I’m really passionate about this. I worked in Richmond. And I fought hard against housing discrimination, people who had been turned away because of the color of their skin or their disability. I remember my first client. I had been only a lawyer for about two months. And this young woman named Lorraine came to me. And she – she was just like me. She was just my age. I just was out of school. I just had moved to a new community. I had just gotten a new job. And I was just looking for an apartment, that kind of thing that’s really cool to go out and be on your own and how great that is. And my experience had worked out very, very well. And, yet, I had this client who was just like me, but her experience hadn’t worked out well because she had been turned away from the apartment that she wanted when the landlord saw that her skin color was black. And then she was able to with a colleague prove that was the case. I took her case, and we won it. But it wasn’t – the winning of the case was sort of secondary because she had a different experience than I did. My experience of going out on my own in the big, wide world was a good experience. And her experience was a bad one. And that experience put a doubt in her mind, ‘The next time I try, am I going to get the same treatment again? The next time I go out and look for a house and apartment or maybe even a car loan, am I going to get treated differently because of who I am?’
At the very time as I was battling on these cases early in my career, at the same stage in his career, Donald Trump was being sued by the Justice Department for blatantly discriminating against people of color who were trying to rent apartments from him. He – they were instructing – this was the lawsuit. It was one of the largest lawsuits that the Justice Department has ever brought in the area of housing discrimination. The employees were being instructed to write a ‘C’ – and you know what the ‘C’ stands for – on the – on the application of anybody whose skin color was brown or black so that they would then know how to treat that person. And they weren’t doing it to treat them better, believe me.
That’s a pretty clear distinction in this election. In a Clinton and Kaine administration, we’re going to enforce the fair housing laws, and we’re going to provide more incentives to create affordable rental housing through expansion of the low-income tax credit program. I talked with your mayor and others about that here in Detroit about that early. Too many people in our country are poor because they have to pay too much of their income for housing. If you’re having to pay 35, 40, 50 percent of your income for housing, then you don’t have the money left over to do the kinds of things that you want to do to keep yourself above the poverty level. And so we’ve got to expand tax credits, ramp up counseling and rental assistance, expand the choices that recipients of housing vouchers have in deciding where to live. And for working families looking to buy their first home, our plan would encourage sustainable home ownership, provide up to $10,000 in assistance for down payments.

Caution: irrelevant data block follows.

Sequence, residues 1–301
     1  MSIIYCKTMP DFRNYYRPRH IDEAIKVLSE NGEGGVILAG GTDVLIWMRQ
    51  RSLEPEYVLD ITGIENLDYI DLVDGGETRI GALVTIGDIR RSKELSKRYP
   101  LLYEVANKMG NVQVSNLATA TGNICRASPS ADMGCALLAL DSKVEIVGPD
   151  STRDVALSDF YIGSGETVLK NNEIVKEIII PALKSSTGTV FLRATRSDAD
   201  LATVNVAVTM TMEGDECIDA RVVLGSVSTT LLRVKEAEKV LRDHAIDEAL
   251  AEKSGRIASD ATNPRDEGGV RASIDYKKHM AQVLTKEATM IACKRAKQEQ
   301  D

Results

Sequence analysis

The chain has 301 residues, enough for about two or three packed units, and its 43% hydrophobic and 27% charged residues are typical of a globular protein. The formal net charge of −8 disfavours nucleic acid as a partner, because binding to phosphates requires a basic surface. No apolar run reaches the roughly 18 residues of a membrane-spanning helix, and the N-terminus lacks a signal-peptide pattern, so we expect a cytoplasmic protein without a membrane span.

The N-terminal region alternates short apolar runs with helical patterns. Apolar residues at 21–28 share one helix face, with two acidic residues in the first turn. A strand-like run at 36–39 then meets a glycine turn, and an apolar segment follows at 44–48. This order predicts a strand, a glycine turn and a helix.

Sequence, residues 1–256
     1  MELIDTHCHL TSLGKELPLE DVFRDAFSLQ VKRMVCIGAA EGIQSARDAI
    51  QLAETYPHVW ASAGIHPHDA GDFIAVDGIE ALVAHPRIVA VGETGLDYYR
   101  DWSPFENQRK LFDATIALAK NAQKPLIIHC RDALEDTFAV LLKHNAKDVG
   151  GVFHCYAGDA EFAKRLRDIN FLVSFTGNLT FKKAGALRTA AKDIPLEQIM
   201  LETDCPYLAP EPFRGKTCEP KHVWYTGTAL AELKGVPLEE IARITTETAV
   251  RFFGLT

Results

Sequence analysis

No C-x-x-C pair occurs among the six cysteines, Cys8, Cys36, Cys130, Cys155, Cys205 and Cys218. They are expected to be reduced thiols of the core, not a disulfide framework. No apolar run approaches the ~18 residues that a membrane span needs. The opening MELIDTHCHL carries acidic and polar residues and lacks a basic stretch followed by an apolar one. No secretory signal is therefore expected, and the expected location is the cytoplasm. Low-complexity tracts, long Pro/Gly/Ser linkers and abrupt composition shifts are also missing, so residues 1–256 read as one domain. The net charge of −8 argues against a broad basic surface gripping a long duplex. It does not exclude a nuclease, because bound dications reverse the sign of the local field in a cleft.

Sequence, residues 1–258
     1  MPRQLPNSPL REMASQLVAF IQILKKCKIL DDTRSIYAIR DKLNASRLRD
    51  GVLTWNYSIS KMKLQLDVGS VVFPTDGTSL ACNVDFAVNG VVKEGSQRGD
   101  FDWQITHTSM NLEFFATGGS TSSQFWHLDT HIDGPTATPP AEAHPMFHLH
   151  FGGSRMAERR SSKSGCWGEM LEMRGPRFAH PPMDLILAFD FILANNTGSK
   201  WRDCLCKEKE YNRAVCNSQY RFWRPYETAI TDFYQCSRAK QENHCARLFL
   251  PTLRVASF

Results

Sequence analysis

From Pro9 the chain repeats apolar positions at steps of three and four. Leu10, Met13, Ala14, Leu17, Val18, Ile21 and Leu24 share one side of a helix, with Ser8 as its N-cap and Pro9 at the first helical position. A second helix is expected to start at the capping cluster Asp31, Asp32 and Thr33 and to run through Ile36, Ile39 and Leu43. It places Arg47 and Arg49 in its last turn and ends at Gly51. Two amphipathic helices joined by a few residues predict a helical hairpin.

We’ve got to work on something else. I know many of you are active in this field: stop predatory lending practices. My wife was a Legal Aid lawyer who really went to town on some predatory lenders when she was doing that back in Richmond, predatory lenders that hurt so many low-income communities. And we need to provide safe bank accounts, check-cashing options, and other things that don’t rip people off and we can protect them against the worst abuses of payday lenders. And to do that, we’ve got to defend the Consumer Financial Protection Bureau that Congress created. This – this protects families from unfair, deceptive, and abusive practices. Donald Trump and Republicans in Congress say they want to eliminate it. They want to repeal the Dodd-Frank law that created the Consumer Financial Protection Bureau. We’re not going to let them. We’re not going to let them do that.
And – and here is something that we shouldn’t have to say in 2016. But you know it in Michigan, and, frankly, everybody does around the country. A safe home means being able to drink the water. I mean, it means being able to drink the water. Is that so controversial? Is that so hard in the richest nation in the history of the world? That’s why we’ve got to address the devastating impacts of environmental injustices, like what we’ve seen in Flint. And Flint is the tip of the iceberg on this because aging infrastructure, water infrastructure and other utility infrastructure, around the country are exposing people, especially in our older central cities, where the infrastructure is older, to really serious environmental harm. Donald Trump tried to show he cared about Flint. He dropped by the water treatment plant. He told everybody they had done a great job. And then he went to a local church and ended up picking a fight with the pastor in her own church in Flint.
Hillary took a different approach. She – she made sure that the entire country stopped and saw what was happening in Flint. She spoke out about it, said that if kids in a wealthier suburb of Detroit or Richmond, for that matter, had been drinking poisoned water, something would have happened, and it would have happened quick. And when she did – when she visited Flint, she did a lot of listening. […] fund to help ensure the delivery of clean and safe water to the town’s residents.